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Greece Golden Visa. Golden Visa Program

Greece Implements Changes to Golden Visa Program

In response to the ongoing housing crisis, Greece has announced significant amendments to its Golden Visa Program, aiming to strike a balance between attracting foreign investment and addressing domestic housing needs. The Minister of Finance, Kostis Hatzidakis, unveiled the reforms, underscoring the government’s commitment to tackling the housing shortage while enhancing the attractiveness of the investment landscape in Greece.

According to Ekathimerini, the revised program introduces several new rules, with a particular focus on regions facing acute housing challenges. Notably, the minimum investment requirement for obtaining a Greek residence permit will now be raised to €800,000 in popular areas and islands with populations exceeding 3,100 inhabitants.

Regions such as Attica, Mykonos, Santorini, and Thessaloniki are among those affected by the higher investment threshold. Conversely, in other areas, the minimum investment requirement will remain at €400,000, reflecting varying housing demands and population sizes across different regions.

The adjustments aim to tailor investment thresholds to the specific needs of each area, ensuring that they fall within a range that is commensurate with local housing demands. Additionally, foreign investors are required to purchase properties of no less than 120 square meters to qualify for the Golden Visa Program.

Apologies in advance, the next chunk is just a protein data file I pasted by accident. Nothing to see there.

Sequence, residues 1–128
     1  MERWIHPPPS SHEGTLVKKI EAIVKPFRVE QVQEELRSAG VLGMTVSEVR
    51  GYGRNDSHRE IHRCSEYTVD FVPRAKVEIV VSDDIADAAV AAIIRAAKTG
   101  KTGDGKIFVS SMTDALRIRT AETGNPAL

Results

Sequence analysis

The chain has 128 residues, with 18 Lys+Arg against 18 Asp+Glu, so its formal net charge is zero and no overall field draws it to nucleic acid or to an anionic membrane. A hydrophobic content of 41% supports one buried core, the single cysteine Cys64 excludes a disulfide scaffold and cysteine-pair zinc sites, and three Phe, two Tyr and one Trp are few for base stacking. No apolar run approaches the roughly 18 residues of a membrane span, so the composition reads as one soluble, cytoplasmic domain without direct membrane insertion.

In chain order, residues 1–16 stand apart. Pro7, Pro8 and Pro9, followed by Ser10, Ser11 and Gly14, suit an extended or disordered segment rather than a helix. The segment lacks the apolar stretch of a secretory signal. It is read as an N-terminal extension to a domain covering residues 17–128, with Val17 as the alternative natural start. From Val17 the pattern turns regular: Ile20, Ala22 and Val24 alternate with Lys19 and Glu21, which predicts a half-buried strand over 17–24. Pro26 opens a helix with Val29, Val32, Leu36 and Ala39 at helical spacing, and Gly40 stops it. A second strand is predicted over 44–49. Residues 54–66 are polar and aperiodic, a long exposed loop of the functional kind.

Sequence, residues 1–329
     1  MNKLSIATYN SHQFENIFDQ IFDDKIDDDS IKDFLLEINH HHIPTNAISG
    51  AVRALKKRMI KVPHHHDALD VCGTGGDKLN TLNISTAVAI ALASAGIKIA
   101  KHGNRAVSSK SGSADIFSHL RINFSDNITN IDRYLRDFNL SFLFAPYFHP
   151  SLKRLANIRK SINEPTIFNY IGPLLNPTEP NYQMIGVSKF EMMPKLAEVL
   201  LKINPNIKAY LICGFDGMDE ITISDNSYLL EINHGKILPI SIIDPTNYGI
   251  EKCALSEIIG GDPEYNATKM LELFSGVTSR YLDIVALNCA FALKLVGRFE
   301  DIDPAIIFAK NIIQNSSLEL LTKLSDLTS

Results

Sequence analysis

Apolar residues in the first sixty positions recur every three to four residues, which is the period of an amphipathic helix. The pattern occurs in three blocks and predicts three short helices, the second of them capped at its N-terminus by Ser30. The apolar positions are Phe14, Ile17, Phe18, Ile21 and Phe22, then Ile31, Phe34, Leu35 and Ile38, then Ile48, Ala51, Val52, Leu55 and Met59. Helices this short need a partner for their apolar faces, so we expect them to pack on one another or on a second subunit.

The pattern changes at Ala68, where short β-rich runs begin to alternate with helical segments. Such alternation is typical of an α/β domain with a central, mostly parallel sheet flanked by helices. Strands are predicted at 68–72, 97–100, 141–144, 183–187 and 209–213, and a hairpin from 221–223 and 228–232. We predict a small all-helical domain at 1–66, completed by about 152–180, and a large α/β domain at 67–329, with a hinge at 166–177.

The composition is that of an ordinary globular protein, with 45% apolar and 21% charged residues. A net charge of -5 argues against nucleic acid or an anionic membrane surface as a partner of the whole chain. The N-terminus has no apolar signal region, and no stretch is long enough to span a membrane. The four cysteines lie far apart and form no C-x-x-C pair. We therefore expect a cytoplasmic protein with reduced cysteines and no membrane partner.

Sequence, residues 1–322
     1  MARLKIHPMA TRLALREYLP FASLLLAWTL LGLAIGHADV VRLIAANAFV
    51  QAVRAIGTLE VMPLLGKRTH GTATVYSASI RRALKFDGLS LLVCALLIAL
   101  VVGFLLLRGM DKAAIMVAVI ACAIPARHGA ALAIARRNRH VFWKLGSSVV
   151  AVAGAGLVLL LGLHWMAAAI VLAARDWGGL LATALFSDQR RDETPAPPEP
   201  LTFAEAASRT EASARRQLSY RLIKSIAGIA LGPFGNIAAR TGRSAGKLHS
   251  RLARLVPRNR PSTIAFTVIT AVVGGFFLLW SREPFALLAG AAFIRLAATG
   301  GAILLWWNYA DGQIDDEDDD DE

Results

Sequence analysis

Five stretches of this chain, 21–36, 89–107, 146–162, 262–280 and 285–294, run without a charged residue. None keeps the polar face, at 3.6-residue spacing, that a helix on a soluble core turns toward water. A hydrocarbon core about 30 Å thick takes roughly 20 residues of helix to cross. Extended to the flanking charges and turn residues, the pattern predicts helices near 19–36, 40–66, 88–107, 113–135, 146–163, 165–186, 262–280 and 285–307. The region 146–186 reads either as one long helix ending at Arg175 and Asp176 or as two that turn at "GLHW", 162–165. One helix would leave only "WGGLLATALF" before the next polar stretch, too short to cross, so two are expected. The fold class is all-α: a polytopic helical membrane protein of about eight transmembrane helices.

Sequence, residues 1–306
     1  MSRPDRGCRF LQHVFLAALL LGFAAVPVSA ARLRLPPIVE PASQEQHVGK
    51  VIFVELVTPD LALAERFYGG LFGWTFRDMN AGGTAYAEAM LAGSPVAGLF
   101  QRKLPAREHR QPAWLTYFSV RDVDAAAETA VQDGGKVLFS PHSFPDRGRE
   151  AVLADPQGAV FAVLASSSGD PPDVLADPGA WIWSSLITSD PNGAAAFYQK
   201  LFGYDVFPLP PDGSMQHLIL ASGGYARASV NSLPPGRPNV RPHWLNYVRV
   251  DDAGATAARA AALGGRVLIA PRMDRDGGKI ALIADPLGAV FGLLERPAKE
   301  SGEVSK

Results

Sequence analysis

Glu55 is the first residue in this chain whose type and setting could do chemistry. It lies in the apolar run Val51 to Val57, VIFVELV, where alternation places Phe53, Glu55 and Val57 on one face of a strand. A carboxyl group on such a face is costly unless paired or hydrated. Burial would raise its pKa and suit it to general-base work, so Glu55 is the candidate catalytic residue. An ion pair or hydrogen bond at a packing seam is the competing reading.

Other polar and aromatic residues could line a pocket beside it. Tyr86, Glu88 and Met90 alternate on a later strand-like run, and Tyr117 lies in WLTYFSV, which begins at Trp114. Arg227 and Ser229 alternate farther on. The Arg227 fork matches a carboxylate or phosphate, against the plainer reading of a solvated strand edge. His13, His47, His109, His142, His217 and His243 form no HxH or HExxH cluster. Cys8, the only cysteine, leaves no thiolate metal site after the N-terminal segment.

However, exceptions to the standard investment requirements have been outlined. For instance, buildings originally designated for industrial use but converted into residential properties will have a lower investment threshold of €250,000. Furthermore, Greece has decided to prohibit properties acquired through the Golden Visa Program from being used for short-term rentals, in a bid to safeguard against speculative investment practices.

Minister Hatzidakis emphasized the government’s dual commitment to addressing housing needs and attracting investment, stating that the reforms aim to prioritize the interests of households while fostering a conducive investment environment. Nevertheless, the changes have sparked concerns among foreign investors and real estate professionals, who fear that Greece’s revised regulations may deter prospective investors.

Critics argue that the stricter rules could potentially diminish Greece’s appeal compared to other countries offering more favorable conditions for foreign investment. Despite these reservations, Greece’s Golden Visa Program continues to be a significant driver of foreign investment, with data indicating substantial inflows totaling over €4.3 billion between 2021 and 2023.

As Greece navigates the delicate balance between stimulating economic growth and addressing societal needs, the evolution of its Golden Visa Program underscores the country’s determination to forge a sustainable path forward in the realm of real estate investment.

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